• Give the person opportunities to talk. It can be helpful to let the person choose when to open up. However if they do not initiate conversation about how they are feeling, you should say something to them. Speak openly and honestly about your concerns.
  • Choose a suitable time to talk in a space you both feel comfortable where there will be no interruptions, when you are both sober and in a calm frame of mind.
  • Use ‘I’ statements such as ‘I have noticed… and feel concerned’ rather than ‘you’ statements.
  • Let the person know you are concerned about them and are willing to help.
  • Respect how the person interprets their symptoms.
  • If the person doesn’t feel comfortable talking to you, encourage them to discuss how they are feeling with someone else.

Click to see how Sandeep manages the conversation around suicide
While chatting on their walk, Ted makes a comment about wishing it was the end of the world and Sandeep realises Ted could be having suicidal thoughts. The pair sit down and Sandeep asks him directly “Ted, are you thinking about suicide?” Ted is a little surprised by how direct Sandeep’s questions is and quickly responds  “No…it’s just hard to think about tomorrow right now when I’m… I am just really struggling right now.” 

Sandeep could have stopped there, but he goes on to say “Ted, if you’re thinking about suicide, it’s okay to talk about it.”

Ted responds quietly with “Is it?” and Sandeep looks at him and replies in a slow and calm voice “Yes… are you?” Sandeep then remains quiet, giving Ted time and space to respond. 

Ted pauses before saying “Yes… yes sometimes I am… I’m just wrecked at the moment.” They continue to talk, and Ted reveals that he has had thoughts on how he could kill himself and what would happen afterwards. Sandeep continues to talk to him in a supportive manner, without judgement, and their mental health first aid conversation continues. 

MHFA Tips for talking to someone about suicide:

Many people fear that asking someone if they are thinking about suicide could put the idea in their head. This isn’t true. Instead, it can make the person feel less alone with their thoughts, and more able to accept help.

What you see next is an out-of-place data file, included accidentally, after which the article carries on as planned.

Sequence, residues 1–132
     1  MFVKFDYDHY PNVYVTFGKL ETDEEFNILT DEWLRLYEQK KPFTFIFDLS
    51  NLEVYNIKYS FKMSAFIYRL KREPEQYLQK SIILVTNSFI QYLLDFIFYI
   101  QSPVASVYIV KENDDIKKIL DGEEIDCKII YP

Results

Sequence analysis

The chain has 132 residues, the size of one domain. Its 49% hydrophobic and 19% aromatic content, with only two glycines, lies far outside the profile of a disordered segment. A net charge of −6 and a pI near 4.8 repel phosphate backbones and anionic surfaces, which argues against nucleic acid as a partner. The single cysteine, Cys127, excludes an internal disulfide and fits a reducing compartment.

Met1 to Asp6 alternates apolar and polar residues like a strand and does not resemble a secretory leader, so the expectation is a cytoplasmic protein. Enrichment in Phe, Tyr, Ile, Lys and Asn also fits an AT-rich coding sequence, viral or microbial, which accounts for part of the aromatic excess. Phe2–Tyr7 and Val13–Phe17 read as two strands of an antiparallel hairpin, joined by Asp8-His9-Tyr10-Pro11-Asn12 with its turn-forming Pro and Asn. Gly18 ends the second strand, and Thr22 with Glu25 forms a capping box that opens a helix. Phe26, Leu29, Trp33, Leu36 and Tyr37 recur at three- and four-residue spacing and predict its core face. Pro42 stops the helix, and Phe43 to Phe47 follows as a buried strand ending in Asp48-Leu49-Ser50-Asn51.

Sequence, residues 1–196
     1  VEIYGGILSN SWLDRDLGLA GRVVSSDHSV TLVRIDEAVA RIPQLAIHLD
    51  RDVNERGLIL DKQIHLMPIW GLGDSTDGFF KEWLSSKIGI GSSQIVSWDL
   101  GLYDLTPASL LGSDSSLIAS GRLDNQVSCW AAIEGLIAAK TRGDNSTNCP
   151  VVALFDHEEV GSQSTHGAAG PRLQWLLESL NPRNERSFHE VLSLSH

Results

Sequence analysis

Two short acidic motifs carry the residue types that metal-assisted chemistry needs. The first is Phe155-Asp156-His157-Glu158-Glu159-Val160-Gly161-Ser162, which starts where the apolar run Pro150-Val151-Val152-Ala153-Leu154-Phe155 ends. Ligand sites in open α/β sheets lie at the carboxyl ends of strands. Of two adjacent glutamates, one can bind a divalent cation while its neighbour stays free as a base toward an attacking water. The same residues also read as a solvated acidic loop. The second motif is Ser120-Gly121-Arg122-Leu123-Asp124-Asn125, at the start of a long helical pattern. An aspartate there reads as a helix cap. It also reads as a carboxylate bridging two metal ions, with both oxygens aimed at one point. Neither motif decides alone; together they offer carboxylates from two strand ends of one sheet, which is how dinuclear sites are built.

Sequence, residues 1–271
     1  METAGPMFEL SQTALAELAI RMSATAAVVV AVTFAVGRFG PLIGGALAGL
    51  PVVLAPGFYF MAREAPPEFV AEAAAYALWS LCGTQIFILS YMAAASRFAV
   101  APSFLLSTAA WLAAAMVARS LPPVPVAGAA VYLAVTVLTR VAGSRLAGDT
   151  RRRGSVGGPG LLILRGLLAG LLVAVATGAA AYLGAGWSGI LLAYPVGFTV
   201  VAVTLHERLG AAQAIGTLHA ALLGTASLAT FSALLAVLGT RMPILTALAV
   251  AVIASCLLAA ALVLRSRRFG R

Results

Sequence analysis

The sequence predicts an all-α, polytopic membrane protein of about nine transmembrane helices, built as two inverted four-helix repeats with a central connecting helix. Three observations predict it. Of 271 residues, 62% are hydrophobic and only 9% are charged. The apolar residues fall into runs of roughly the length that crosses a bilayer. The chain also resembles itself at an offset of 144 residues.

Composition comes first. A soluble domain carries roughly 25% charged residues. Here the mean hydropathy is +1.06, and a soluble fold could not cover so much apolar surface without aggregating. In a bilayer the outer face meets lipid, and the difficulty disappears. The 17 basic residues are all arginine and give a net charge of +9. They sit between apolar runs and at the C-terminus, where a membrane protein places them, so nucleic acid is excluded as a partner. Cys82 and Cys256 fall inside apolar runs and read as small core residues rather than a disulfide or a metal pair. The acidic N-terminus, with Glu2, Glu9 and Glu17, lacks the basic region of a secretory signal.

It’s important that the question is direct and unambiguous, and delivered without judgement. “Are you having thoughts of suicide?” or “Are you thinking about killing yourself?” are both good ways to ask. This lets the person know that you are not afraid to talk about suicide and they don’t need to be either.

If the person doesn’t feel judged, they will almost always tell the truth. This is because most people don’t want to die. They want their pain to end and they can’t see another way out. You can help them find one.

Click to see how Sandeep ensures that Ted is safe and seeks professional help right away
Towards the end of their conversation Sandeep suggests that Ted speaks to his sister about how he is feeling. Ted does not want to involve his sister so Sandeep suggests a friend or even better his GP. Ted is visibly uncomfortable with the thought of talking to anyone else. 

Sandeep convinces him that his GP is there to help and Ted calls and asks for an appointment for some time the following week. While Ted is on the phone, Sandeep nudges him and whispers that he should ask for an appointment today, which Ted does.

Further tips for talking to someone about suicide:

  • Suicide can be prevented. Most suicidal people do not want to die. They simply do not want to live with the pain.
  • It is important to take suicidal thoughts and behaviours seriously.
  • Openly talking about suicidal thoughts and feelings can save a life.
  • It is important that you know the warning signs and risk factors for suicide, and the reasons why a person might have thoughts of suicide.

Helping a person who is suicidal is complex, however, there are three key actions to helping someone:

1) If you think someone may be suicidal, ask them directly.

2) If they say yes, do not leave them alone.

3) Link them with professional help.